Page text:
After more than 60 years, a missing stamp from the iconic Inverted Jenny sheet was returned today to the American Philatelic Research Library during a special ceremony at World Stamp Show–NY 2016 at the Jacob Javits Convention Center in New York City.
The stamp is one of a block of four stamps stolen at a 1955 American Philatelic Society show in Norfolk, VA. Keelin O’Neill of Ireland, who inherited the stamp from his grandfather, brought the stamp to an auction house in New York City in April to sell. The stamp was taken to the Philatelic Foundation in New York City, where it was discovered that the stamp was Position 76 of the missing McCoy Block. From April to today, a whirlwind of events transpired to provide for the return of the stamp today.
“Every stamp tells a story and the story of the Inverted Jenny now has a new chapter,” said Scott English, administrator of the APRL, “This is a great day for philately and the result of a great partnership in the stamp collecting community and hard work of federal law enforcement.”
According to a release from the APRL, the claim to the stolen block was assigned to the APRL in 1979 by owner Ethel McCoy, a New York stamp collector, who loaned the block to stamp collecting organizations for public display. Two of the four stamps were recovered in the 1970s and 80s, but provided no information to the whereabouts of the remaining two stamps. In 2014, Donald Sundman, president of the Mystic Stamp Company, offered a $50,000 reward for each of the two missing stamps and the APRL offered a $10,000 reward for information leading to the recovery of either of the missing stamps. The offer of the reward is set to expire at the end of the World Stamp Show–NY 2016 on June 4, 2016.
“We are indebted to Don for his generosity and helping us resurrect one of the greatest unsolved mysteries in the stamp world,” said Roger Brody, president of the APRL, “On behalf of the Board and our members, I would also like to thank the committed agents of the FBI and the U.S. Attorney’s office for their quick response and assistance. Finally, we extend our thanks to Keelin O’Neill, who worked with law enforcement and the APRL to quickly return this stamp home.”
Aside from English, Brody, Sundman, and O’Neill, those participating in the ceremony were Preet Bharara, U.S. Attorney for the Southern District of New York; Diego Rodriguez, Assistant Director in Charge, New York Field Office Federal Bureau of Investigation; and Larry Lyons, of the Philatelic Foundation.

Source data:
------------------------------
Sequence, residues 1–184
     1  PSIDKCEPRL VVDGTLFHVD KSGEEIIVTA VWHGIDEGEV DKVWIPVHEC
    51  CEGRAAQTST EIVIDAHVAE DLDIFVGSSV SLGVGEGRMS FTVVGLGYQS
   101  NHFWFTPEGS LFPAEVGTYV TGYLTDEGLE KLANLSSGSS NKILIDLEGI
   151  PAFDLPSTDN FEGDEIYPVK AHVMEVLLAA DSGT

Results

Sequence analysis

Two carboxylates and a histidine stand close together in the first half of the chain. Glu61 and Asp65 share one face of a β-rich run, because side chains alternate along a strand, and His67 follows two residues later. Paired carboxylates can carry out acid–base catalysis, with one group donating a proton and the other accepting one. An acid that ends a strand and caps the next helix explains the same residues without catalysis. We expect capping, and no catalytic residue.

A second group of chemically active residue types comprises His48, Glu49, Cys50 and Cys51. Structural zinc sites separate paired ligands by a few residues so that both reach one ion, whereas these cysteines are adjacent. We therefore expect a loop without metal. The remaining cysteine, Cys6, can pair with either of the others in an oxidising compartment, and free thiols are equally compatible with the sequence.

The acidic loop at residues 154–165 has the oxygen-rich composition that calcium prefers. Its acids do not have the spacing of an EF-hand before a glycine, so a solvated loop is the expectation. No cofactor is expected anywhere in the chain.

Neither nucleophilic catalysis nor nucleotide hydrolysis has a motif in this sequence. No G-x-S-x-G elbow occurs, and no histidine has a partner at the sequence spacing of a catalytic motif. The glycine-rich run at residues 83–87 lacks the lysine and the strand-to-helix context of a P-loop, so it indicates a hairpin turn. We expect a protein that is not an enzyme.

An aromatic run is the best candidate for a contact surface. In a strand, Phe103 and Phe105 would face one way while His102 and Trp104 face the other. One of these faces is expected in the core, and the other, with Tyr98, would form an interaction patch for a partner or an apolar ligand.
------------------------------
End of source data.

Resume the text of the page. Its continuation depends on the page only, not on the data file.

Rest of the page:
O’Neill will receive a $50,000 reward for returning the stamp to the APRL from Sundman and the Mystic Stamp Company. The whereabouts of the last stamp from an original block of four, identified as Position 66, remains unknown. It also is legally owned by the APRL.
English added, “While we are thrilled to have one more of our stamps back, there is still one more stamp missing and anyone with information about Position 66 should contact the APRL immediately.” Anyone with information can contact The American Philatelic Society at 814-933-3803, extension 246, or e-mail firstname.lastname@example.org.
The stamp was originally part of a sheet of 100 stamps printed in 1918. The Post Office Department hastily created the stamps as it instituted the nation’s first official airmail service. Since the stamps are bicolored — a blue plane inside a red frame on white paper — the stamps had be run through the press twice to create the stamp. It is thought that the inverted sheet was mistakenly placed on the press upside during the printing of one of the colors on the sheet.
The entire sheet of stamps was purchased by a lucky collector, William Robey, at a post office in Washington, D.C. The stamp was quickly sold to a dealer, then a collector, and over the next couple of decades was broken into singles and blocks, which were snapped up by collectors.
The missing Jenny was stolen from a national stamp show in 1955 in Norfolk, Virginia. It was part of a block of four owned by Ethel McCoy (1893–1980). McCoy was an active stamp collector and member of the American Philatelic Society. In 1979, McCoy willed the rights to the stolen stamps to the APRL, which is associated with the APS.
At some point, the block of stolen stamps was broken into singles, possibly by the thief or thieves, in hopes of disguising the individual stamps’ true origins. Also, all three recovered stamps have undergone alterations. The stamp that was just returned is missing much of its gum and some of its perforations were altered. Two of the four stolen stamps were located in 1979 and 1982 and returned then to the APRL, which sold one and kept the other.
Once the identity of the newly found stamp was confirmed, the APRL and Philatelic Foundation contacted the FBI and a case was opened with the Art Crimes Division in the New York office. The FBI put the stamp under protective order through the federal courts and remanded it for safe keeping with the Philatelic Foundation.
The final legal transfer of that stamp came via the cooperative effort of the APRL, the FBI, and U.S. Attorney’s Office via a signed agreement before the U.S. District Court, Southern District of New York.
The future of the rediscovered Inverted Jenny will be determined by the APRL board of trustees.